There is so much work to be done in the behavioral health space right now, what are your top priorities as you settle into your new role?
We provide mental health and substance abuse education, prevention, support, and treatment to over 30,000 people every year. My first priority is to raise awareness of who we are and what we do. We serve 14 counties, run 70 programs, and employ over 400 people. The more people know about us, the more people we can help.
How does the Quality Institute support your work in addressing these priorities?
Having the Quality Institute as an ally in spreading the word is imperative. The other piece is that we share the Quality Institute’s commitment to health care quality. We have a talented and robust Quality and Compliance Department motivated to make us the best organization that we can be as far as outcomes — and we have meaningful data that informs what we do every day. Having a close connection to the Quality Institute enhances that work.
Preferred is an integrated care organization. We are committed to whole person health, and we’re very aware of what a chronic mental health disorder does to the body as it relates to psychopharmacology and some of the health risks. We look at the big picture and the Quality Institute is very much committed to that integration as well.
How can cities and towns collaborate with Preferred Behavioral Health to address the mental health needs of their communities?
We are deeply engaged with the communities that we serve. We’re involved with the Quality Institute’s Mayors Wellness Campaign. Often, we’ll hear, “Hey, there’s a mayor in this town who could really use help with stigma reduction, or prevention, or engaging students on being smoke free.” We’re willing to be a partner. We look at every interaction with the community as an opportunity to educate, to create awareness, to support, and to serve. Preferred has been partnering with communities as an organization for over 45 years — it’s something that we’re deeply committed to.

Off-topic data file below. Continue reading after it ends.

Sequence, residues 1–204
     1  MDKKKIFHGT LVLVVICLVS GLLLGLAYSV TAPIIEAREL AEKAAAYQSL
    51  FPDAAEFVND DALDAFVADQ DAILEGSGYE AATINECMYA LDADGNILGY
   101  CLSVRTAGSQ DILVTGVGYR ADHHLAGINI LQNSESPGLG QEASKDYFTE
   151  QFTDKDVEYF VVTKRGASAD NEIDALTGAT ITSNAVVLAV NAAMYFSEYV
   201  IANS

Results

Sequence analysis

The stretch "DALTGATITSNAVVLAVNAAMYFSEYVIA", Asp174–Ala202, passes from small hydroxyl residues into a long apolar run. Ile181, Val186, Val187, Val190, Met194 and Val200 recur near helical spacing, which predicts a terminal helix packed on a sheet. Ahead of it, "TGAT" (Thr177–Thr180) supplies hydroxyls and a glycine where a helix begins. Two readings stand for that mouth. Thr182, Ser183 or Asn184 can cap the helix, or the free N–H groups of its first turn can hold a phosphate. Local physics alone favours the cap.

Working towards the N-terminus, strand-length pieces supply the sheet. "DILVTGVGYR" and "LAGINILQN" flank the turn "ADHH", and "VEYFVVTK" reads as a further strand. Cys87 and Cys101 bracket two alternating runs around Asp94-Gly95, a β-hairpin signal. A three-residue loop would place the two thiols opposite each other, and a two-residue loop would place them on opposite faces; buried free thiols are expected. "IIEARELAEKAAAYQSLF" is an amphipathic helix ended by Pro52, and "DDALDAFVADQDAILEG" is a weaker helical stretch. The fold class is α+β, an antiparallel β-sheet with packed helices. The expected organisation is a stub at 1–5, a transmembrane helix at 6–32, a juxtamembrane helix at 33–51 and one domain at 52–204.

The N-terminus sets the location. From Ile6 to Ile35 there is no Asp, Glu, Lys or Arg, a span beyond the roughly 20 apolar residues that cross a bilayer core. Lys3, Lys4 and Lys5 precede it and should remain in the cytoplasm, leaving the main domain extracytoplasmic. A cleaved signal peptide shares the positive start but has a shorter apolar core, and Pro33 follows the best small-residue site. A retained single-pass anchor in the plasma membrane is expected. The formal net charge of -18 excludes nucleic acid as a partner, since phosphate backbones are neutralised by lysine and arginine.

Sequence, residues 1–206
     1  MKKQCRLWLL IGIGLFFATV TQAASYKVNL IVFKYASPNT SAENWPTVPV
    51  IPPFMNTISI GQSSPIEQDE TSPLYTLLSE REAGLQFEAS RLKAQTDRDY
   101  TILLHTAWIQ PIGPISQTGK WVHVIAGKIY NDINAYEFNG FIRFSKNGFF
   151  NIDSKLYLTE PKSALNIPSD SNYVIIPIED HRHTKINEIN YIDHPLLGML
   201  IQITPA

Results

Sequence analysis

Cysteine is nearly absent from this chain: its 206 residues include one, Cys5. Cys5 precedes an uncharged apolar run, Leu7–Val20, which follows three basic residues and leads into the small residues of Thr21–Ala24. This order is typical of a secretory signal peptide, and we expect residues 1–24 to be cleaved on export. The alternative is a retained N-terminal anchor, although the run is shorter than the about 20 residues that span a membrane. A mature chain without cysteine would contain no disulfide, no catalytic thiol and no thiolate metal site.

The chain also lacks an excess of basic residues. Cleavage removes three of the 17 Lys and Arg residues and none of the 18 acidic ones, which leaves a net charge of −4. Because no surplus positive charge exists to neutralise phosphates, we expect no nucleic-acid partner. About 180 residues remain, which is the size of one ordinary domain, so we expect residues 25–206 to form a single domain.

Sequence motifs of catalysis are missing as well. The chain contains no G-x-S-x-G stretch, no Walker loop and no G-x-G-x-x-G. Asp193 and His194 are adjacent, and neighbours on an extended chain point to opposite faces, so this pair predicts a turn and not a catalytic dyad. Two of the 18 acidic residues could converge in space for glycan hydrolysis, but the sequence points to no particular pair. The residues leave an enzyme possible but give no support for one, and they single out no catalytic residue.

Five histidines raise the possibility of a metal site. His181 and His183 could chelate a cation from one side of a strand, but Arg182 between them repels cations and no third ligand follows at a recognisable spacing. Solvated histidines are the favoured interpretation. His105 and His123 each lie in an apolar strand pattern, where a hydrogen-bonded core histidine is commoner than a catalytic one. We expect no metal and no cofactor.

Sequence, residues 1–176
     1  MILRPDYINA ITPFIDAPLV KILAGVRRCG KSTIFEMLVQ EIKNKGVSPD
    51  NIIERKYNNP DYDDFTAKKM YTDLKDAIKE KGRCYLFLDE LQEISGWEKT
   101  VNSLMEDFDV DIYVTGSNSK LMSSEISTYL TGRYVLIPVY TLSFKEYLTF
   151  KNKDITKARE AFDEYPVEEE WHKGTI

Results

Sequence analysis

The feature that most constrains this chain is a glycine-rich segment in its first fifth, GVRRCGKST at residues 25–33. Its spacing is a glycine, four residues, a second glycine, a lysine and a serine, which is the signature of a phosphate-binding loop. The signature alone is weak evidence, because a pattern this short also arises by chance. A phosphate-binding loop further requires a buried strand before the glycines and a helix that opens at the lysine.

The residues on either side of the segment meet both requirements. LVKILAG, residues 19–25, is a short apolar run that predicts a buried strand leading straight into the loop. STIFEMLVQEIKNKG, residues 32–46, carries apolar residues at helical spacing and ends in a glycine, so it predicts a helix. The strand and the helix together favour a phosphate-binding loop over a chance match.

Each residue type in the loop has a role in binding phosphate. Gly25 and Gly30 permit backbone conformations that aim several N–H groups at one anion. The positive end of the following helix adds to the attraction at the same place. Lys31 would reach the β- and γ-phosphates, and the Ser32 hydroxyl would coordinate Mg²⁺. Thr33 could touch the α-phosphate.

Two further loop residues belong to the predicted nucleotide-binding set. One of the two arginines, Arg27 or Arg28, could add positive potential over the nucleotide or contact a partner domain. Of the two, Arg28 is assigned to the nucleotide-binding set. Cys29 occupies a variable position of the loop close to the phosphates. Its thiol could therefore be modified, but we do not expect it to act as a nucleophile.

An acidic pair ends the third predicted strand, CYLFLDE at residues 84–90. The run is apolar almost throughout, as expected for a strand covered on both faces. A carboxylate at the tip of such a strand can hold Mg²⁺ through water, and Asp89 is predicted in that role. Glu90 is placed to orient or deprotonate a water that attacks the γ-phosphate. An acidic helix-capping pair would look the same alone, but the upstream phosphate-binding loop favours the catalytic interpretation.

The Mayors Wellness Campaign’s Healthy Town Awards recently recognized towns that adopted stigma-reduction campaigns. Why is that important?
Stigma is really the biggest obstacle to anyone accessing the correct or proper behavioral health care. I try to always use an analogy for physical health. If you had a broken bone, you would not hesitate to visit an orthopedic surgeon or an orthopedic doctor or go to physical therapy. But we have this persistent stigma that hangs like a dark cloud over psychiatry, getting therapy, and any kind of mental health disorder. Yet the likelihood of being touched by a mental health disorder — whether it’s yourself or a family member — is basically a one-out-of-two possibility in your lifetime. We need to really embrace mental health treatment and normalize the fact that behavioral health is physical health.
And more people are seen by primary care providers for mental health needs than they are by behavioral health practitioners. We really need to change that practice. For instance, Xanax is one of, if not the most, commonly prescribed medications, and less than half of the people who carry a prescription for Xanax have ever been seen by a mental health provider.
Finally, we like to ask somebody a question outside their professional role. What is your favorite hobby or skill?
I will preface my answer by saying that being in this field, self-care is critical. We cannot provide quality services if we are not investing in ourselves. We are a trauma-informed organization so self-care is a key component of that. We always say, “You cannot pour from an empty cup.”
I spend a lot of quality time with my loved ones and surround myself with a beautiful group of people, family, and friends who are positive, upbeat, and really support one another. I like to travel. I always have something on the books. I also have four dogs, four dachshunds, and I believe time with animals enhances our lives.